Art of the United Kingdom of Great Britain and Northern Ireland & the Republic of Ireland in 20th-21st Centuries and Polish-British & Irish Art Relations
Wydanie: 2015 r.
Dostępność: aktualnie niedostępny
"Art of the United Kingdom of Great Britain and Northern Ireland & the Republic of Ireland in 20th–21st Centuries and Polish–British & Irish Art Relations" is the fifth volume of Studies on Modern Art and a first book of this kind in Poland. The volume presents research on British and Irish art conducted mainly by Polish scholars. So far, the research on British art in the 20th century – in comparison to the research on modern French, German, Russian, Italian and American art – has been taken up only sporadically. The greatest number of Polish publications have concerned post-war British art, while there is almost no publication devoted to interwar art. No research on Irish art has been conducted so far. Thus, the studies on modern Irish art seem to be an important novelty. The widest range of previous interests has concerned the art of the Polish emigration circle since World War II. Like Polish artistic colonies in Rome in the 19th century, in Munich in the second half of the 19th century, and in Paris since the late 19th century, the Polish emigration colony in London with numerous organizations, galleries and magazines has drawn attention as an important element of Polish art and Polish artistic tradition. Particular attention should be paid to a group of studies devoted to works by Jewish artists or artists of Jewish origin from Poland.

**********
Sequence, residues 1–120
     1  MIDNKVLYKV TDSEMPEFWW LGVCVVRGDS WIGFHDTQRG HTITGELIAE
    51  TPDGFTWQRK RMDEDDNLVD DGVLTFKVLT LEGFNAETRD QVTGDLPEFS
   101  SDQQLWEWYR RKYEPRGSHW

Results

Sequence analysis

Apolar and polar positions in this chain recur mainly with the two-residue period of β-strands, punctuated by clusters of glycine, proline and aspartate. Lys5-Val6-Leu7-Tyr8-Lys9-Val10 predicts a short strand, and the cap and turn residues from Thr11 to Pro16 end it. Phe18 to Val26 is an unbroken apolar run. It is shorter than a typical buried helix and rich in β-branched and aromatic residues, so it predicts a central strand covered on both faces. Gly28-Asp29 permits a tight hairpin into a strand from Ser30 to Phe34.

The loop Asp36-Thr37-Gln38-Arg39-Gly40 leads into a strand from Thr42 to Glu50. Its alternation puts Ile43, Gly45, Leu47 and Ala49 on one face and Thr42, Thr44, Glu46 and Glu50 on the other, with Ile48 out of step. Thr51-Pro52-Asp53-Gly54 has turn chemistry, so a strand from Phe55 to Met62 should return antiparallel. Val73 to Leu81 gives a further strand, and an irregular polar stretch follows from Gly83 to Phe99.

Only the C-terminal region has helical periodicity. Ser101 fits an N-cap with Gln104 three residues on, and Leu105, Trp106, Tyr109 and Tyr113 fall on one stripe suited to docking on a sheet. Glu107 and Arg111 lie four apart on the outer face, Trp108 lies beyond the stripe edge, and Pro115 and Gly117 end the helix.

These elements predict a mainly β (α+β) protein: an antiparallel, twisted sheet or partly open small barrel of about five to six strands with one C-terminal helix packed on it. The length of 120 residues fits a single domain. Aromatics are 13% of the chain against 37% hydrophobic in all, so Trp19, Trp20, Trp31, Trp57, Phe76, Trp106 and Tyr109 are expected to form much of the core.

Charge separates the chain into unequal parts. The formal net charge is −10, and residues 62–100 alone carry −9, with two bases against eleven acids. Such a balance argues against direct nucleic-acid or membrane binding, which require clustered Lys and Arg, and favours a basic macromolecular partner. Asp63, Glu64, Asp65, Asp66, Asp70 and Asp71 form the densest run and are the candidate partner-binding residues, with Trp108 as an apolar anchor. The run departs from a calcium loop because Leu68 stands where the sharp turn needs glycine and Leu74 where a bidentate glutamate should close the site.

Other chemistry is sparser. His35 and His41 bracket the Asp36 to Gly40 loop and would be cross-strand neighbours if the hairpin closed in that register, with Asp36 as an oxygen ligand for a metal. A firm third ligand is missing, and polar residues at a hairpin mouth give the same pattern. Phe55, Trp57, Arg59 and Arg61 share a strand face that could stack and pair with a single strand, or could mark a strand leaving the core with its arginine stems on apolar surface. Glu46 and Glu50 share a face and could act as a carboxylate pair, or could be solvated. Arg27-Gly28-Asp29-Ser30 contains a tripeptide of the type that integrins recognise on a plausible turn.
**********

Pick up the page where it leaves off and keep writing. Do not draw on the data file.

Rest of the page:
The volume is divided into Introduction and 6 sections: (1) Polish–British Art Relations before 1945, (2) Contemporary British Art, (3) Polish Émigré Art in Great Britain after 1945, (4) Contemporary Polish–British Art Relations, (5) Irish Art, (6) British Art and the World. Thus, a certain image of British art of the 20th century is outlined, as seen from afar. The book is structured chronologically, with focus on selected issues. Subsequent parts present phenomena of British art, sometimes followed by the account of Polish reactions.